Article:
Forum Editor 18:20 08 May 08

with new filters, gravel/sand, etc., and leave it running for a week or so you'll have bacteria in there. Add some plants and run the tank for another week, and you'll be in business, although your bacterial count will be relatively low - the plants will be consuming nitrogen. Bacteria are everywhere on the planet, and you need to do no more than provide a suitable habitat for them to establish and flourish. I'm in favour of letting plants do the cycling at first, because they tend to prevent the ammonia and nitrate peaks that can occur at first. If you know someone who has a clean, healthy tank pinch a jam-jar full of water from it to give your bacterial colony a kick-start.

Add fish slowly, and the bacteria will multiply accordingly - they'll keep pace with their food supply. Just remember that aquarium fish are swimming in their own toilet, so carry out frequent partial water changes - you'll soon get into a routine. The key is not to add too many fish at first, and grow plenty of plants.

Good luck, it's a fascinating pastime.

  SB23 19:04 08 May 08

As I was once told on the forum, "Google is your friend", and I have found lots of info with regards to setting up tanks.
I'm just about to start a tropical tank, and although I used to keep cold water species, I've been surprised at the info actually out there.

One site, click here, I have found really interesting, and I've even found places near to me in Lincolnshire.

Thanks to the internet, I now know the capacity of my tank, the amount of light, heat and the flow rate that my filter will need to be able to deal with in gallons / litres.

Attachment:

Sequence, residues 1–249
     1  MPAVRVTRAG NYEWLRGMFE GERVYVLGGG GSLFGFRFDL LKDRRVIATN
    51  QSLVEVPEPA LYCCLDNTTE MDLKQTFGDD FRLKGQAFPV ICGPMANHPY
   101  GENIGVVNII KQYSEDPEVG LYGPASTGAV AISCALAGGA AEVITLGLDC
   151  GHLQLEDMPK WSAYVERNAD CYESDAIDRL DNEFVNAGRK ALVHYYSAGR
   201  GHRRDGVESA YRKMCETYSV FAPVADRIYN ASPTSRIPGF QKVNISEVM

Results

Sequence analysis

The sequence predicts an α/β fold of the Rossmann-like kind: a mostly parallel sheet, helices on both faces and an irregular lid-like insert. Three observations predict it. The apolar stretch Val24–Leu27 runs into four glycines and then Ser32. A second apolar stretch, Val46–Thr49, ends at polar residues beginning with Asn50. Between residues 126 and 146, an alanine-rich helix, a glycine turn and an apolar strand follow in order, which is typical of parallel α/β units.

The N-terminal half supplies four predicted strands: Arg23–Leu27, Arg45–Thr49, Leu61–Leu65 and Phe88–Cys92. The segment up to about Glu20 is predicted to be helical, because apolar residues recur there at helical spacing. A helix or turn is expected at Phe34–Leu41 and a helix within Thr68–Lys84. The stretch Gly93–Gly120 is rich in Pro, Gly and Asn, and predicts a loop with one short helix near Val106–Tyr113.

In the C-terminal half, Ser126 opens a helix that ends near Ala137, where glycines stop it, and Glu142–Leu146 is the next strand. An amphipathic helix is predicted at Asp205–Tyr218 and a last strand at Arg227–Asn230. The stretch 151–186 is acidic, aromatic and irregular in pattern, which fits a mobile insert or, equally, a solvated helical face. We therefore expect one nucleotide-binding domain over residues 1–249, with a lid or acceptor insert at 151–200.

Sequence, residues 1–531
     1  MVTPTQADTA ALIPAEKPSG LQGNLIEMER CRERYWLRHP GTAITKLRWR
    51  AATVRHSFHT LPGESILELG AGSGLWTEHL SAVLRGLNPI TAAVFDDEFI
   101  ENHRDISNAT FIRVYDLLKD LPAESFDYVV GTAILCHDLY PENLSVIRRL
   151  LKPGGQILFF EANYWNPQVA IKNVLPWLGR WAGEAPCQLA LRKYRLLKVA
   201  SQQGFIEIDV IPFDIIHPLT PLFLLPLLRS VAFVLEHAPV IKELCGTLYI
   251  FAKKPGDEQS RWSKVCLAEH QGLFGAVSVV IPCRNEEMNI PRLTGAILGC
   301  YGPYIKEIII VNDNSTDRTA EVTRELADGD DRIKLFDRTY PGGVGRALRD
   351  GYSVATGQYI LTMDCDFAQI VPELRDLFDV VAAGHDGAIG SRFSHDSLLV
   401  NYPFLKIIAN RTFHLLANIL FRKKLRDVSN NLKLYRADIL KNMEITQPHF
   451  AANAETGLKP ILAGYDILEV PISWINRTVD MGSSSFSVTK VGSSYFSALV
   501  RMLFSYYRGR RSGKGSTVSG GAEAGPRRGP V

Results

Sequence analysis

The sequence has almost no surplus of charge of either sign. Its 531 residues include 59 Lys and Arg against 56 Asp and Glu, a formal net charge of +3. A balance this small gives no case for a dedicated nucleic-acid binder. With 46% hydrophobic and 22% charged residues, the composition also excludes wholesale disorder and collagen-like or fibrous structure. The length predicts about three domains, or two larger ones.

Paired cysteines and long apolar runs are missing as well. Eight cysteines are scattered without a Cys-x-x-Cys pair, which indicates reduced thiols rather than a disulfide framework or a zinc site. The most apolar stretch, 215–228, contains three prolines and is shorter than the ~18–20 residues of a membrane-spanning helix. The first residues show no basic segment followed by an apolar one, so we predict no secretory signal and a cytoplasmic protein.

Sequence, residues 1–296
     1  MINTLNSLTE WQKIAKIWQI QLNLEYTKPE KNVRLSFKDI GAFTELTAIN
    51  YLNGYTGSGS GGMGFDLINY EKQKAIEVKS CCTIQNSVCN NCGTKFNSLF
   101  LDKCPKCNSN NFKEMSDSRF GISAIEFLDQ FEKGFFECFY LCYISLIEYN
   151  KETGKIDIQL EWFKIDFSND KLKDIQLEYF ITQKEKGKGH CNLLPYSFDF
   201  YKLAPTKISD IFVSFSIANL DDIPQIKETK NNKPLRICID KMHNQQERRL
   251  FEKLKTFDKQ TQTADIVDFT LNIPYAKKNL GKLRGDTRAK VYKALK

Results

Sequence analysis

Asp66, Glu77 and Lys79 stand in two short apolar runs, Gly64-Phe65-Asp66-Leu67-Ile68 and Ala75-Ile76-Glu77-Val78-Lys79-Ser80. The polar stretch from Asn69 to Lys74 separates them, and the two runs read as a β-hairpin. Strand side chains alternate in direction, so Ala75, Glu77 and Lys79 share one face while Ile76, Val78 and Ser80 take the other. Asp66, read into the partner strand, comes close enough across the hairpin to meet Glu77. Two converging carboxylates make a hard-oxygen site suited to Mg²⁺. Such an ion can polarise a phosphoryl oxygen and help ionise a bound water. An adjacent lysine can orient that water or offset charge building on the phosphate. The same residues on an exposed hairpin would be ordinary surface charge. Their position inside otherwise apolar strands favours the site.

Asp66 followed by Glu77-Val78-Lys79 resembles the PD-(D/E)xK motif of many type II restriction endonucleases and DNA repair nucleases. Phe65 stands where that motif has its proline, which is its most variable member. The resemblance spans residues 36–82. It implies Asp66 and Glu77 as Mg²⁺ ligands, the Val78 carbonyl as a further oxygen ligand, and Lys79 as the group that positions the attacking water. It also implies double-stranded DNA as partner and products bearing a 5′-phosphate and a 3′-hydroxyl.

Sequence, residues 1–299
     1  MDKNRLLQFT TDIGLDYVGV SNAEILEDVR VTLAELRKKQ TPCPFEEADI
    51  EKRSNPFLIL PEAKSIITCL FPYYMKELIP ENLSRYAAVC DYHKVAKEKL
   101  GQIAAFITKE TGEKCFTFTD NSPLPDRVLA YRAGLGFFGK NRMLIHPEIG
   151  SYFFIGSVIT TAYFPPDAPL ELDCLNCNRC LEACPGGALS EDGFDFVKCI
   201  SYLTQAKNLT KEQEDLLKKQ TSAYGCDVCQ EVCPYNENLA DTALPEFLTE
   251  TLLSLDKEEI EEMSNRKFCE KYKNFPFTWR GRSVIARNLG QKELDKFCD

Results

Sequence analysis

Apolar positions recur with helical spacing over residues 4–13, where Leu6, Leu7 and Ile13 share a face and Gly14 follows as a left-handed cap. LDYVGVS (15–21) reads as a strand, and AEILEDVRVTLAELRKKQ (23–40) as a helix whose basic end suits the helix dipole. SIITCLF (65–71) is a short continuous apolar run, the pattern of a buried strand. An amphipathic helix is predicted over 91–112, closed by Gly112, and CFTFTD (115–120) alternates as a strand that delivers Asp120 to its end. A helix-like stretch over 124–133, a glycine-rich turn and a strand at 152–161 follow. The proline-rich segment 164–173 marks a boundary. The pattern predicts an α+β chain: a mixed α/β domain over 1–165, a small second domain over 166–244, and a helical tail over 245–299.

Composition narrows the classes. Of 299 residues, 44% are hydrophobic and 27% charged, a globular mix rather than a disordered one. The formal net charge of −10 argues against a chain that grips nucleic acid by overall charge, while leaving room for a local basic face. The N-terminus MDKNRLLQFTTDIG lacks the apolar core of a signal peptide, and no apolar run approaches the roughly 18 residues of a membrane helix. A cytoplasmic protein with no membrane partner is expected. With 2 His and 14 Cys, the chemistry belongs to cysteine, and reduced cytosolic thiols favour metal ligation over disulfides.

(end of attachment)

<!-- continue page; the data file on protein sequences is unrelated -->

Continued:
Forum Editor 19:35 08 May 08

I started my first tropical aquarium 25 years ago, and it was all a total mystery at first. It either gets in your blood or it doesn't, there are no half measures, and if you get the bug you'll soon acquire the knowledge you need.

Tropical freshwater fish come from a variety of habitats, and most of them can tolerate a degree of fluctuation in both temperature and water chemistry, although some of them can be pretty picky when it comes to the PH value.

The best advice I can offer is that you read about the fish before you buy them, so you don't end up with a tank full of fish that would not normally see each other in their natural habitat. If you get the mix wrong there will be strife in the tank - often at night - and the result will be stressed or dead fish. Aim to start with what's called a 'community' tank of fish that will happily cohabit, and don't overdo the numbers. Fish can be very territorial, so give everyone room to hide from unwanted attention, and don't cover the bottom of the tank with brightly coloured or very pale gravel, it stresses the fish.
They have mostly evolved so that predators find them hard to see against the bottom of the river or stream bed - the perfect gravel or sand colour will mean that you can hardly spot the fish if you look into the tank from above.

  SB23 20:37 08 May 08